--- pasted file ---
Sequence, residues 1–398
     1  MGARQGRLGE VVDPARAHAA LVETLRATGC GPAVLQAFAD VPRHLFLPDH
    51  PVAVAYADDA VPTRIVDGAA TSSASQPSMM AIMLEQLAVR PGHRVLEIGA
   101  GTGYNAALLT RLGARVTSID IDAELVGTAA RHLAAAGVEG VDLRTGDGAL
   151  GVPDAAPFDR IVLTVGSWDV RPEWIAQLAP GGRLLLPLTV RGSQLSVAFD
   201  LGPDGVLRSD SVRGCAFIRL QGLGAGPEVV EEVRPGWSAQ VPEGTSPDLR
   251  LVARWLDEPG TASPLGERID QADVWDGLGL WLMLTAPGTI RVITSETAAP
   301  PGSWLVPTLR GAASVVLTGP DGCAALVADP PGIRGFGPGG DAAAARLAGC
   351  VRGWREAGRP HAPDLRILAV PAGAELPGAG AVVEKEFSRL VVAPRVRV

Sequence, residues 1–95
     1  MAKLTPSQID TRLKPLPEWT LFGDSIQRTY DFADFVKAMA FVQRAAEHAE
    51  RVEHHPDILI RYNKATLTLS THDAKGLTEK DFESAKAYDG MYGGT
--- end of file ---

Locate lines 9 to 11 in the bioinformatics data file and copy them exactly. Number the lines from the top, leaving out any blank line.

   351  VRGWREAGRP HAPDLRILAV PAGAELPGAG AVVEKEFSRL VVAPRVRV

Sequence, residues 1–95
     1  MAKLTPSQID TRLKPLPEWT LFGDSIQRTY DFADFVKAMA FVQRAAEHAE